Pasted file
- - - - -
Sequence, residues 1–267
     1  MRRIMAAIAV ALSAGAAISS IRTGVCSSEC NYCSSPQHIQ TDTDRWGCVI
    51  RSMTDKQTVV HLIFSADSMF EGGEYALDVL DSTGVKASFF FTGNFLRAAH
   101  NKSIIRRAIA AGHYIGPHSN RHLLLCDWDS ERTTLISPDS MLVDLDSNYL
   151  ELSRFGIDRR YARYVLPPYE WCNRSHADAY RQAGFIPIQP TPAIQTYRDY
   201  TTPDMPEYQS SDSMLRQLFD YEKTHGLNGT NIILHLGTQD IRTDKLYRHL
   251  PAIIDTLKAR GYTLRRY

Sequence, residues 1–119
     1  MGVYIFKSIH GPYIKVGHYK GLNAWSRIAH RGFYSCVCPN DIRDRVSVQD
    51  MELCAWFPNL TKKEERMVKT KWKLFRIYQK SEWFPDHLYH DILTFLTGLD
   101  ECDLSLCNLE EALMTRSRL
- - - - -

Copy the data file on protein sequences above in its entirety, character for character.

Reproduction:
Sequence, residues 1–267
     1  MRRIMAAIAV ALSAGAAISS IRTGVCSSEC NYCSSPQHIQ TDTDRWGCVI
    51  RSMTDKQTVV HLIFSADSMF EGGEYALDVL DSTGVKASFF FTGNFLRAAH
   101  NKSIIRRAIA AGHYIGPHSN RHLLLCDWDS ERTTLISPDS MLVDLDSNYL
   151  ELSRFGIDRR YARYVLPPYE WCNRSHADAY RQAGFIPIQP TPAIQTYRDY
   201  TTPDMPEYQS SDSMLRQLFD YEKTHGLNGT NIILHLGTQD IRTDKLYRHL
   251  PAIIDTLKAR GYTLRRY

Sequence, residues 1–119
     1  MGVYIFKSIH GPYIKVGHYK GLNAWSRIAH RGFYSCVCPN DIRDRVSVQD
    51  MELCAWFPNL TKKEERMVKT KWKLFRIYQK SEWFPDHLYH DILTFLTGLD
   101  ECDLSLCNLE EALMTRSRL